Youth Justice


On the day he died, Dr. Martin Luther King, Jr. called his mother to give her his next Sunday’s sermon title: “Why America May Go to Hell.” In his 1968 call for a Poor People’s Campaign, he warned that “America is going to hell if we don’t use her vast resources to end poverty and make it possible for all of God’s children to have the basic necessities of life.”

As Christians prepare to celebrate the birth of the most famous poor baby in history, imagine God seeing our very wealthy family blessed with six children. Five of them have enough to eat and comfortable warm rooms in which to sleep. One does not. She is often hungry and cold. On some nights, she has to sleep on the streets or in a shelter and even be taken away from her neglectful family and placed in foster care or a group home with strangers.

Imagine this rich family giving five of its children nourishing meals three times a day, snacks to fuel boundless energy, but sending the sixth child from the table to school hungry, with only one or two meals and never the dessert the other children enjoy.

Imagine this very wealthy family making sure five of its children get all of their shots, regular health checkups before they get sick, and immediate access to health care when illness strikes but ignoring the sixth child, who is plagued by chronic respiratory infections and painful toothaches, which sometimes abscess and kill for lack of a doctor or a dentist.

Imagine this family sending five of their children to good stimulating preschools and making sure they have music and swimming lessons after school but sending the sixth child to unsafe daycare with untrained caregivers responsible for too many children or leaving her occasionally with an accommodating relative or neighbor or older sibling or alone.

Imagine five of the children living with books in family that is able to read to most of its children every night, but leaving the other child unread to, untalked and unsung to, unhugged, or propped before a television screen or video game that feeds him violence and sex and racially-and gender-charged messages, intellectual pabulum, interrupted only by ceaseless ads for material things beyond the child’s grasp.

Imagine this family sending some of their children to high-quality schools in safe neighborhoods with enough books and computers and laboratories and science equipment and well-prepared teachers but sending the sixth child to a crumbling school building with peeling ceilings and leaks and lead in the paint and asbestos and old, old books—and not enough of them—and teachers untrained in the subjects they teach and with low expectations that all children can learn, especially the sixth child.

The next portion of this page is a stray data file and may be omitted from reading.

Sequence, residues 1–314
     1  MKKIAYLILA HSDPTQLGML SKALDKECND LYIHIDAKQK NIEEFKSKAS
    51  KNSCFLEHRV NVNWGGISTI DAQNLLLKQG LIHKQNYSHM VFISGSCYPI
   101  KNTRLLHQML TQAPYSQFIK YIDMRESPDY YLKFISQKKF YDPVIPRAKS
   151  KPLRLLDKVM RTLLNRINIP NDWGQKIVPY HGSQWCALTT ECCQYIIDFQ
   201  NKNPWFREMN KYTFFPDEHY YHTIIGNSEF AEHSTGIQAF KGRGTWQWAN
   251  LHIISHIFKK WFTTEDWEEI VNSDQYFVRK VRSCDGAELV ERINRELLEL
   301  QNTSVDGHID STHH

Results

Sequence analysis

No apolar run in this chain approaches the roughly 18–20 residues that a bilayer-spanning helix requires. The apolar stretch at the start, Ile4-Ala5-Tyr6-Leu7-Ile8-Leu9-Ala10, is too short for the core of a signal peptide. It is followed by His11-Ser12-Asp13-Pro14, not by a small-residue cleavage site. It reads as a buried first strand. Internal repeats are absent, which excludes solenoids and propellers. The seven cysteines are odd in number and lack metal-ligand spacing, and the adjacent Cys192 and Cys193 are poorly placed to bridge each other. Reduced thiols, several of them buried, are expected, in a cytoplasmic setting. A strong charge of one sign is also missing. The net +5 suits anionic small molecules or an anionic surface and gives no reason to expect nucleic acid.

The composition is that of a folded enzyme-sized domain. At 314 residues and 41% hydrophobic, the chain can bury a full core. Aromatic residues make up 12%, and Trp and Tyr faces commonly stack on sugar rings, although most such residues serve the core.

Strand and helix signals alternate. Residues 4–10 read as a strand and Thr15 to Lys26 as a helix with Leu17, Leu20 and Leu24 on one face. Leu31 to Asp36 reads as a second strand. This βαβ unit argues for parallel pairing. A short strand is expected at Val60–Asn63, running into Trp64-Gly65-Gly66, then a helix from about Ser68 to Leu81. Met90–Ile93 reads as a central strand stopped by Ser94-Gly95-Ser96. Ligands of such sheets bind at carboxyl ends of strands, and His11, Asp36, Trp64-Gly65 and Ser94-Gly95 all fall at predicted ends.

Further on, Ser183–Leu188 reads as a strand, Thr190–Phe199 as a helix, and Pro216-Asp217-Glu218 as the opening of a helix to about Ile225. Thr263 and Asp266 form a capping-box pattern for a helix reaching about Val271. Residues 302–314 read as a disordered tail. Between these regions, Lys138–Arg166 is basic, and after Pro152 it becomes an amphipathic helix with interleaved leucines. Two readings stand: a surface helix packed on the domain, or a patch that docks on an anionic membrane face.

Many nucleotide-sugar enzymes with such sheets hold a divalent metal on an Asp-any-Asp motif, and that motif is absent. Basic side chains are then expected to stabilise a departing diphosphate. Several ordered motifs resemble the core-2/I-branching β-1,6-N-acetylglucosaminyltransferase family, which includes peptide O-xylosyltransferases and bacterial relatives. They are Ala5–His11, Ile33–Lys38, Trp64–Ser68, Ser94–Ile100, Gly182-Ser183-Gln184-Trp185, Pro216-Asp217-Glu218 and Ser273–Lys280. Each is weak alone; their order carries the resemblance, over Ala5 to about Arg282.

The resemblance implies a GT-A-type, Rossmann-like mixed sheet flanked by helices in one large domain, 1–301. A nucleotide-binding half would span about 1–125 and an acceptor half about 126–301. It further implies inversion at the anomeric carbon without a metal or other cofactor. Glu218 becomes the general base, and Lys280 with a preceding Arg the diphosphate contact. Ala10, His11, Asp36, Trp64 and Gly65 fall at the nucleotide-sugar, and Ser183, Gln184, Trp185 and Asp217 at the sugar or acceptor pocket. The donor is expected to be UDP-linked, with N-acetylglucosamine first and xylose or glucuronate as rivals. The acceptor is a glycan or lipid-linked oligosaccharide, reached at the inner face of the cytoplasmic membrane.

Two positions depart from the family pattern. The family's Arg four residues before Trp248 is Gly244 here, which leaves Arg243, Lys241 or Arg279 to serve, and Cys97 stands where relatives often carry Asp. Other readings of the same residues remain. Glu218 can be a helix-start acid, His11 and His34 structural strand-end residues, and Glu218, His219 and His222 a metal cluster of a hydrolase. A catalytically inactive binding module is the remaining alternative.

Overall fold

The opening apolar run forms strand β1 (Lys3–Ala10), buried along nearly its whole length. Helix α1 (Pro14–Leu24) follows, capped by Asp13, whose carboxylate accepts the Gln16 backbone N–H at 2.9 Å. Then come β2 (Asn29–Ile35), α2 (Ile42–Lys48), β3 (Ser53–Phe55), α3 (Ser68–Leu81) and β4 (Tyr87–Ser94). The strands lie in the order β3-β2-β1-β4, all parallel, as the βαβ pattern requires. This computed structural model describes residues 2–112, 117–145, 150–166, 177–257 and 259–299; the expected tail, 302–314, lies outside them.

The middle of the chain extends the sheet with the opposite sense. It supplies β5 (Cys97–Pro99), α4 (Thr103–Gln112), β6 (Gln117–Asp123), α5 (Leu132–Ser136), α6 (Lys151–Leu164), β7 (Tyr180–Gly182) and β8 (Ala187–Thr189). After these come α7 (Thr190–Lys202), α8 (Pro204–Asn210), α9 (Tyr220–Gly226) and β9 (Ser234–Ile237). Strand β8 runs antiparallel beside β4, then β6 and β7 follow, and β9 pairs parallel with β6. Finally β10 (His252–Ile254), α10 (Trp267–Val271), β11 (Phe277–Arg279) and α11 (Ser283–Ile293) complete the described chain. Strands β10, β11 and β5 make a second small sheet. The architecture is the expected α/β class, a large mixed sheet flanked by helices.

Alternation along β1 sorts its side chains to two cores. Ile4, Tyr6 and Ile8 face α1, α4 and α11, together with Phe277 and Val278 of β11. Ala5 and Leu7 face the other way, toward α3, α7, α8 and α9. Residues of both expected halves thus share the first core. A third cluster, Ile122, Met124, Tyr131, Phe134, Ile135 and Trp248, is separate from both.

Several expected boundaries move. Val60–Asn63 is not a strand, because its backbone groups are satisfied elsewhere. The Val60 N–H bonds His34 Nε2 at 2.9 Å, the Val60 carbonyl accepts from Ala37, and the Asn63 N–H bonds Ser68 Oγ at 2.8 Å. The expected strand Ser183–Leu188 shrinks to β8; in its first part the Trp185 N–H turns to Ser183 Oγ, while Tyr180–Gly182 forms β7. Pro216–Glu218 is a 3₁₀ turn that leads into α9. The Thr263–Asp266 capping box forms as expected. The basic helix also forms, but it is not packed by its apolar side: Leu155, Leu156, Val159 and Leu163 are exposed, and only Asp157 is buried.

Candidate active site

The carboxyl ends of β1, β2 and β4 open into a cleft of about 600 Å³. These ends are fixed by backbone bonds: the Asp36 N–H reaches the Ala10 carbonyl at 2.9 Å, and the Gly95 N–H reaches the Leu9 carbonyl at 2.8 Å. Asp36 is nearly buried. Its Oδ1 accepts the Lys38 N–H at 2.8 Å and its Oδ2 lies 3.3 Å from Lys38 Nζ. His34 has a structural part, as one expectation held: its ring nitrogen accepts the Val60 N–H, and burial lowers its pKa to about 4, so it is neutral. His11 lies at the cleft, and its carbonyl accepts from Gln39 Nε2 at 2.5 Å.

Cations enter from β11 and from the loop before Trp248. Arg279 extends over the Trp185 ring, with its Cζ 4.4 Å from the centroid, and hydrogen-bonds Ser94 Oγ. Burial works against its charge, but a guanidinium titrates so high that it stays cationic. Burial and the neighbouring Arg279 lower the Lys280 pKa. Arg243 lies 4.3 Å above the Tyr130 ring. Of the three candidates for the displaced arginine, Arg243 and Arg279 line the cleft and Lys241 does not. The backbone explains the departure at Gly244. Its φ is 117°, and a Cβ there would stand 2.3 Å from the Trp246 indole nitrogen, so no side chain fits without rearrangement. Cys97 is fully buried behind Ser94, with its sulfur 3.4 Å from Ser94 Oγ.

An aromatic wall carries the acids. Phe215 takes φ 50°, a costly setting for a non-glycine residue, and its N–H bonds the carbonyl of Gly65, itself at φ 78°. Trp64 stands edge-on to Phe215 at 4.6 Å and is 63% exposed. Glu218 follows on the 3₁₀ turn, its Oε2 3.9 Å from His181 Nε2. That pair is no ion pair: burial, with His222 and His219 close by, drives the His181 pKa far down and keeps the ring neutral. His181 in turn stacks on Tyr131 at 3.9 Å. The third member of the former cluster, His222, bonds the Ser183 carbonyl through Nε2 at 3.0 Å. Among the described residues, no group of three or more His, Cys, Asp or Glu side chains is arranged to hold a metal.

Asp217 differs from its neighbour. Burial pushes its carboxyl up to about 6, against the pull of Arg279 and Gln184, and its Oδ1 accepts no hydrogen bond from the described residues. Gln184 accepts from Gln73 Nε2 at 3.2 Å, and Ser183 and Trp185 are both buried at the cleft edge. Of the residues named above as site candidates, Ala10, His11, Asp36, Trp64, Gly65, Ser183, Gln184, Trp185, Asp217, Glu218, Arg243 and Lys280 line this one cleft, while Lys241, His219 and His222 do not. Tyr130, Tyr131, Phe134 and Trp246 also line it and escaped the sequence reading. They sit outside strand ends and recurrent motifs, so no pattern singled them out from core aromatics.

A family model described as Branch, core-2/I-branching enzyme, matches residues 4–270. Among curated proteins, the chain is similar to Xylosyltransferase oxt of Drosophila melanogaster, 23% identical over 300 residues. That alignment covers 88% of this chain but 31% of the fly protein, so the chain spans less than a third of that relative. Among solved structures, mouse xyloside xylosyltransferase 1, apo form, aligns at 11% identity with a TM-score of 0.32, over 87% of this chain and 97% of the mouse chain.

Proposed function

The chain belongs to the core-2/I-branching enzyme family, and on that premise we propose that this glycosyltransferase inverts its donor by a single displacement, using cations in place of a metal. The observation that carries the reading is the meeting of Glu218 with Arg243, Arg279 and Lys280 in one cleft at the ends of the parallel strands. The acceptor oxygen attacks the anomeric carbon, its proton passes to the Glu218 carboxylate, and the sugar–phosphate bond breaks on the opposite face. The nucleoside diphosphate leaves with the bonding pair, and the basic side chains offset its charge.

Imagine most of the family’s children being excited about learning, and looking forward to finishing high school, going to college, and getting a job, but the sixth child falling further and further behind grade level, not being able to read, wanting to drop out of school, and being suspended and expelled at younger and younger ages, because no one has taught him to read and compute. And no one has diagnosed his attention deficit disorder or treated his health and mental health problems or helped him keep up with his peers.

Imagine five of the children engaged in sports and music and arts, in after-school activities and summer camps, and in enrichment programs, but the sixth child hanging out with dubious peers or going home alone because Mom and Dad are working, in prison, or have run away from their parenting responsibilities and escaped by using drugs and alcohol, leaving him alone or on the streets during idle nonschool hours and weeks and months, at risk of being sucked into illegal activities and the prison pipeline or killed in our gun-saturated nation.

This is our American family today, where one in six 13 million of our children lives in poverty in the richest nation on earth, more than 40 percent in extreme poverty. It is not a stable, healthy, economically sensible, or just family. Our failure to invest in all our children before they get sick, or drop out of school, get pregnant, or get into trouble is extremely costly. Every year that we let 13 million children live in poverty costs $500 billion in lost productivity, crime, and health costs.

As our political leaders ponder our nation’s choices over the next 60 days, let them remember the millions of children living in poverty and extreme poverty and without health coverage and put their needs first and not last. Our economic futures depend on it and so does our nation’s soul.